In Concert : Honorary homecoming Headliner’s honorary homecoming

Dec 11, 2007 | Reviews, Series 22

By JOSEF WOODARD
NEWS-PRESS CORRESPONDENT

Tom Russell and the acclaimed Sings Like Hell series go way back. So far back, in fact, he might be considered one of its accidental architects. Series founder Peggie Jones introduced Mr. Russell’s headliner set Saturday at Lobero Theatre by explaining that it was through his performance on her front yard in Santa Ynez in the early ’90s — along with shows by Dave Alvin and Peter Case — that the Sings Like Hell idea came into being. By now, the series is an institution.

All these years later, Mr. Russell might not be considerably known in the musical mainstream, but his artistic story and discography keep growing richer and deeper. Critics, discerning fans and musicians have taken note. On Saturday, the Los Angeles-born, Texas-based Mr. Russell, joined by Michael Martin on guitar and mandolin, wended his way through a song set touching on a career three decades long.

As it happens, Mr. Russell’s links to Santa Barbara run deeper than we imagined, making his show here something of an honorary homecoming. Mr. Russell earned a master’s degree in criminology at UCSB, which he commemorated with a nutty autobiographical song called “Criminology.” And he explained the backdrop of a post-modern vaquero song called “Tonight We Ride,” inspired by a dizzy horseback experience he had in the Santa Ynez mountains with “a pitcher of margaritas in one hand and a notepad in the other.” Currently, he’s in the middle of making a film about his sister-in-law, who runs a farm in nearby Cuyama.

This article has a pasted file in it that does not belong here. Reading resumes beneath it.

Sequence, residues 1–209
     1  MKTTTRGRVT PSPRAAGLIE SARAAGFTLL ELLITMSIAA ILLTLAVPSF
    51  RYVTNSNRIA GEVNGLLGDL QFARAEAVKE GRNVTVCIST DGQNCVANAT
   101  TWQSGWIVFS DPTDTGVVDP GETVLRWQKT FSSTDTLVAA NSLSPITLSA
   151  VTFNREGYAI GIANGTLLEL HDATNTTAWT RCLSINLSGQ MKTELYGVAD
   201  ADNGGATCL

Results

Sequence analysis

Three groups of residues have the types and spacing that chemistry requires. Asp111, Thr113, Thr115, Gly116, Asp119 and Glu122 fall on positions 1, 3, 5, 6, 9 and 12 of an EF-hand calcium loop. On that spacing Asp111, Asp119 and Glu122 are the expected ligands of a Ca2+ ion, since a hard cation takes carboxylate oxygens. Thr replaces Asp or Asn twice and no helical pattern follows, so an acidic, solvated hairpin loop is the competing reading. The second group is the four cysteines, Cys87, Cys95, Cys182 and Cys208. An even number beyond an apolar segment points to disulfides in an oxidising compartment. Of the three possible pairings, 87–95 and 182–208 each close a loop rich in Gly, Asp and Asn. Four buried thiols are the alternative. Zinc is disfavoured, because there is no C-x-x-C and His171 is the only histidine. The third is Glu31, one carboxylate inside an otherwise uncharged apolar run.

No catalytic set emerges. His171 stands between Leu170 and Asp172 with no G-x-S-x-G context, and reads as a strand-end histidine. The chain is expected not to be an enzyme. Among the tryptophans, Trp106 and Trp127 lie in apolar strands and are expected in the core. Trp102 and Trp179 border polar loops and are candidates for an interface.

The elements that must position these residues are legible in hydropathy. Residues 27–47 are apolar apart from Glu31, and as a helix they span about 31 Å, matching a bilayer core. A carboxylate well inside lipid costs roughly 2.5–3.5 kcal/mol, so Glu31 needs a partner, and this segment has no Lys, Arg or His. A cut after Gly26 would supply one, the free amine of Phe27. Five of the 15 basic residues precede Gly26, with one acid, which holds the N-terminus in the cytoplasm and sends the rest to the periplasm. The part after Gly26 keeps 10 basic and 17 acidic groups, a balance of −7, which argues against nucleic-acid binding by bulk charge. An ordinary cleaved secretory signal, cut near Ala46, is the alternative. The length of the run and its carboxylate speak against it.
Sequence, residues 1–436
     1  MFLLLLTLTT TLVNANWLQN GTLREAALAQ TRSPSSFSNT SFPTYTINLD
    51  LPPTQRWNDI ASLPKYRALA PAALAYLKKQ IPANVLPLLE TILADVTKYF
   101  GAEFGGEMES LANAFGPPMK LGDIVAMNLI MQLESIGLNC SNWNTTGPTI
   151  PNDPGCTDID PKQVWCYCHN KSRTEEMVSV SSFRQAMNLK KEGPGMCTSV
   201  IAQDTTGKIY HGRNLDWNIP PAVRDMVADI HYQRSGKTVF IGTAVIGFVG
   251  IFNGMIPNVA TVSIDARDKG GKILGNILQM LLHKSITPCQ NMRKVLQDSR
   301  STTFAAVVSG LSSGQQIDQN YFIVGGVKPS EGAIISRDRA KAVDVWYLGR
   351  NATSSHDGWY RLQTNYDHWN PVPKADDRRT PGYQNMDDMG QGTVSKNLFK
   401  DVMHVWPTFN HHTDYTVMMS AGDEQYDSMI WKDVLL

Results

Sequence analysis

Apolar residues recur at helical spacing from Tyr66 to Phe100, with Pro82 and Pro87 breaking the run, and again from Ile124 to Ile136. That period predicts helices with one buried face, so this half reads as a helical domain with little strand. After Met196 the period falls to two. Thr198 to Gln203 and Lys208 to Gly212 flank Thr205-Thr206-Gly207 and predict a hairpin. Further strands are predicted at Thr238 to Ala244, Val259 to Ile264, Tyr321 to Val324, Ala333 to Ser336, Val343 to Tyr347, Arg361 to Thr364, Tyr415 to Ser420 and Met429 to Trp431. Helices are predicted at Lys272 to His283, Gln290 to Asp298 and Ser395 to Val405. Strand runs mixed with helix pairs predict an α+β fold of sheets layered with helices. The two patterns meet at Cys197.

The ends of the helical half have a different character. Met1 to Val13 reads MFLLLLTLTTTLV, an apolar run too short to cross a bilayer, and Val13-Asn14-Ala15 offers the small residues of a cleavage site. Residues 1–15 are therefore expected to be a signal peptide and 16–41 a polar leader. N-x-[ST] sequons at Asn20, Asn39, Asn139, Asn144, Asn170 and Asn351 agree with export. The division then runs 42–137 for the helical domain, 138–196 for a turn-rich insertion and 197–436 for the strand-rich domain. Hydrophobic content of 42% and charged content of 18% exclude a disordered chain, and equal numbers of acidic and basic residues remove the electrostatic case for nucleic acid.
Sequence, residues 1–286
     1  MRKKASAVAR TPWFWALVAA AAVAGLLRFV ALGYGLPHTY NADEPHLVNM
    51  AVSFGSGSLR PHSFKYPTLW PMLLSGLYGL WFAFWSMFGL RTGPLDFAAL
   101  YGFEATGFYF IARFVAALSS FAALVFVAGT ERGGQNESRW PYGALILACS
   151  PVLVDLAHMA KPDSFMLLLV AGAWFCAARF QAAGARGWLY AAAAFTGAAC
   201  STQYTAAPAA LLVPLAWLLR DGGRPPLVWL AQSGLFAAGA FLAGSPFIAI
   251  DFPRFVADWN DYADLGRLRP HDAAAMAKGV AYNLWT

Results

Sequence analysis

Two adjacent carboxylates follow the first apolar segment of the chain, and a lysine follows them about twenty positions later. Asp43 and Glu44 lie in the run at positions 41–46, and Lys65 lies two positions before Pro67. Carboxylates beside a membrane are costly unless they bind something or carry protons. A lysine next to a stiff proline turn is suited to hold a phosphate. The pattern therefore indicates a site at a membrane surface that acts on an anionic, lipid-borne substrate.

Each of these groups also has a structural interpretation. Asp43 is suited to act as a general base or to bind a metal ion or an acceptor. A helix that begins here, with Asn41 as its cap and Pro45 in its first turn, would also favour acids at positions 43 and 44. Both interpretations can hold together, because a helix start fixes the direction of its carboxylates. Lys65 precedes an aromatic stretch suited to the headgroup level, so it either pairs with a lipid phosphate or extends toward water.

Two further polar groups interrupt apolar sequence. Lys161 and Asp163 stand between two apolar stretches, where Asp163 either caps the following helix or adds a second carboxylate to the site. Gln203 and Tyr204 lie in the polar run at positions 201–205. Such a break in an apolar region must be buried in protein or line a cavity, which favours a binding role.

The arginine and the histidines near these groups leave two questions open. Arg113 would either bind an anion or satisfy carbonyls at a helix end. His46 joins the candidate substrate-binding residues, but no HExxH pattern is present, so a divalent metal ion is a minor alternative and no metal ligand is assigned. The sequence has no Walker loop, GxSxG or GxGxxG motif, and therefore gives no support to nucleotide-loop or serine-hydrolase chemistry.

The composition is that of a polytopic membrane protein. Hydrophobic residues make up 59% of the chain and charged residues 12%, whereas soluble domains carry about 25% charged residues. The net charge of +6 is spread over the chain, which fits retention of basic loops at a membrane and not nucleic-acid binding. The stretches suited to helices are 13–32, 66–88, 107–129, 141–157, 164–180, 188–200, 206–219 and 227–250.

While Mr. Russell can wriggle into the realm of socio-political conscience in his songs, he also shows an admirable interest in exploring human experience from more than a narrow ideological filter. On his latest album, Mr. Russell called up the incisive social comment of “Who’s Gonna’ Build the Wall,” sympathizing with the immigration issue in the wake of President Bush’s plan to erect a massive border wall.

His song “Stealing Electricity,” from the 2006 album “Love and Fear,” also extends compassion to the disenfranchised immigrant, its lyrics doubling as a metaphor for the dangerous business of love. But Mr. Russell also sang a song co-written with Mr. Alvin called “The Other Side of the Story,” about a border patrolman from San Diego.

Although he’s a hard one to pin down in terms of a stylistic base, Mr. Russell is mostly an intellectual cowboy tale spinner, relying on simple chord progressions and a rambling, raconteur’s way with words. He’s a bright, literate sort, who sometimes packs his songs with too much poetic firepower and wordplay, without letting the songs breathe and flow.

But he can also blend narration and philosophy in disarming ways, as in his new song “Guadalupe,” in which he juggles themes of romantic vertigo, religious quests and the sinking cathedral in Mexico City. “I’m the least of pilgrims here,” he sings, with only a smidgen of self-pity, “but I am most in need of hope.”

In a way, Mr. Russell’s set fulfilled expectations for those familiar with his crafty, funny songbook and stage presence. The evening’s pleasant surprise came with captivating opening act, singer-songwriter Eilen Jewell and her ace four-piece band.

When Ms. Jewell announced she was from Boston, some of us thought she said “Austin,” given the clearly Texan bent of her music. But country-western cred is available anywhere genuine talent and tradition-hugging integrity is in place.

Ms. Jewell actually is Idaho-born and -bred, and she brings a loamy lyricism to her music on prize songs such as “Rich Man’s World” and “Where They Never Say Your Name,” both from her new album “Letters from Sinners and Strangers.” Her songs are marvels of old-school craft, and she tapped songs by Bessie Smith and Loretta Lynn, channeling their brilliance with her own personalized touch.

Musically, the base ingredient of her band is classic country, with natural detours into western swing and rockabilly. Guitarist Jerry Miller, with his tasty, twangy riffs and sharp, hard-shell white cowboy hat, was the instrumental star of a night in Hell with much to admire. Saturday’s concert closed the series’ 2007 schedule in high Texan — and surrogate Texan — style.